How red the fire reeks below,
How insecure the sod–
Did I disclose, would populate
With awe my solitude.
.

I picked up the press cutting and lifted it closer. It was dated from earlier in the week and was from a copy of The Journal. It read as follows:

MYSTERY WALKER FOUND DEAD ON CHEVIOT

Late yesterday afternoon a mountain rescue crew brought down the body of an unknown walker found dead on the northern flanks of Cheviot close the The Bizzle. The man, believed to be in his fifties, died of hypothermia.

Although police say there are no suspicious circumstances to his death, members of the mountain rescue team have told The Journal that the man was extraordinarily ill-equipped for the winter weather on the mountain, wearing only jeans and a lightweight orange fleece top. They also say the man appears to have been engaging in some sort of unknown artistic exercise when the weather caught him out.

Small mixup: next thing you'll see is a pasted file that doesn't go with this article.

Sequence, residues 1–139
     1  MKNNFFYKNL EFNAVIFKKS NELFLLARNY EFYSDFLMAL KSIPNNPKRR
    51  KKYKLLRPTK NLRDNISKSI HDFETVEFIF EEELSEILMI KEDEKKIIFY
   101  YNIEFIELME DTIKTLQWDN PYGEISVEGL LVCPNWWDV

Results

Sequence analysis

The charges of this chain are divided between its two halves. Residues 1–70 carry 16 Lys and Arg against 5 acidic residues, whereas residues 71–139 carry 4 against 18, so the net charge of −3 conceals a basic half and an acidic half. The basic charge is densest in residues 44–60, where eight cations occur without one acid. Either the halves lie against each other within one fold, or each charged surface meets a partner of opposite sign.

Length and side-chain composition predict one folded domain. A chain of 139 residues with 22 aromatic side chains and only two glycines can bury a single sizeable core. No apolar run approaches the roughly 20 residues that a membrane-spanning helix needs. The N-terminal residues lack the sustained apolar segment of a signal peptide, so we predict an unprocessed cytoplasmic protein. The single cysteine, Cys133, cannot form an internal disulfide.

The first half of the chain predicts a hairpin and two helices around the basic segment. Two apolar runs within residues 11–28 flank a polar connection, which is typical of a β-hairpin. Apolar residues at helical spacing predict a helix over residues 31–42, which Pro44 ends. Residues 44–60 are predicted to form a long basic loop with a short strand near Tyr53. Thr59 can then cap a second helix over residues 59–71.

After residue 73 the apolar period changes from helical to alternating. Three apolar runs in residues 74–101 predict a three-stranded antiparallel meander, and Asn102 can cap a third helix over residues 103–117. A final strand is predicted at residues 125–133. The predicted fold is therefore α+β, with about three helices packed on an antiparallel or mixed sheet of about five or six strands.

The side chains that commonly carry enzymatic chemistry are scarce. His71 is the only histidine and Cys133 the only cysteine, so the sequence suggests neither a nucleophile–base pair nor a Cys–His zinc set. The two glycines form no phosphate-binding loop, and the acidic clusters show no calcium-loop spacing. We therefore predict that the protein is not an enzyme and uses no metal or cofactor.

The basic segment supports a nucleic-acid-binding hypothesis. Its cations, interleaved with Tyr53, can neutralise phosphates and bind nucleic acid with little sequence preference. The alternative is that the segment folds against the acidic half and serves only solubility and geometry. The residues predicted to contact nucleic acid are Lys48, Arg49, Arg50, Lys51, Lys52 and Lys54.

One member of the team has told The Journal that the circumstances in which the man was found suggest he may have deliberately allowed himself to die. Our understanding is that the man was lying spread-eagled facing the sky, and that prior to his death he had scraped a large square and an overlapping circle in the snow. The Journal understand that both shapes were of very exact, near perfect geometrical proportions. We also understand that the width and height of the square exactly matched that of the man with his outstretched arms. It appears that prior to his death the man had performed a ‘snow angel’ in the snow and that the arc of his arms and legs exactly described the line of the circle.